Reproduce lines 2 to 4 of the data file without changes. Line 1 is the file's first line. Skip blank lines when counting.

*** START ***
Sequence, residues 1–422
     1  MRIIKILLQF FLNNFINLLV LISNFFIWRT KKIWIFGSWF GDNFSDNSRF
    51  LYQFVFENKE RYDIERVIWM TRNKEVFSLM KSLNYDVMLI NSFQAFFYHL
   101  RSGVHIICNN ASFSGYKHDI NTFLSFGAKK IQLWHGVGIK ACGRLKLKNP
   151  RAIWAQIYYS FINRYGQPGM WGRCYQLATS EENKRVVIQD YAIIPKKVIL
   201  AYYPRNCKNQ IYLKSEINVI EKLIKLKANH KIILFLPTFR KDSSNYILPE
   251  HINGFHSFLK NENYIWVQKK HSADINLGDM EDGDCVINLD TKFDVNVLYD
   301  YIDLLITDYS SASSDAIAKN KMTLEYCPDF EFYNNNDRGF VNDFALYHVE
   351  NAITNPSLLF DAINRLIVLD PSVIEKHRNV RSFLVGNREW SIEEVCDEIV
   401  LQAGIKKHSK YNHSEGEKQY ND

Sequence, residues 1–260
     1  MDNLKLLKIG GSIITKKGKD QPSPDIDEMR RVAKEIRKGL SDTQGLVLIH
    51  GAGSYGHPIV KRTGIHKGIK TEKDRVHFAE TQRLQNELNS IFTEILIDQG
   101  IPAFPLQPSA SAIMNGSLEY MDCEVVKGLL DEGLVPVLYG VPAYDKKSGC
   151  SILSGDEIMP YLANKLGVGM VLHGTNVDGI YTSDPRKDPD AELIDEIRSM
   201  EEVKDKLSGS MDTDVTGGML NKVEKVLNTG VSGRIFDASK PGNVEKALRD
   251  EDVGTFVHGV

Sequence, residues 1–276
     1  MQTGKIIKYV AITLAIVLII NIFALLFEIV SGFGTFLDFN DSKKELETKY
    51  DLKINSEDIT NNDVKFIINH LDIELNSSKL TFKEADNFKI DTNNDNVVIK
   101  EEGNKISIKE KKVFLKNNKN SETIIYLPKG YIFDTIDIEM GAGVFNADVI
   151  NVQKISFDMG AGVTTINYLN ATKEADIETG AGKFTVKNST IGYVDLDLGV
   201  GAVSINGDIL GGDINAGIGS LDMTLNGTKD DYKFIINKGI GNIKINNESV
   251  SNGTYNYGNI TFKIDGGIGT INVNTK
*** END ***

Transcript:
     1  MRIIKILLQF FLNNFINLLV LISNFFIWRT KKIWIFGSWF GDNFSDNSRF
    51  LYQFVFENKE RYDIERVIWM TRNKEVFSLM KSLNYDVMLI NSFQAFFYHL
   101  RSGVHIICNN ASFSGYKHDI NTFLSFGAKK IQLWHGVGIK ACGRLKLKNP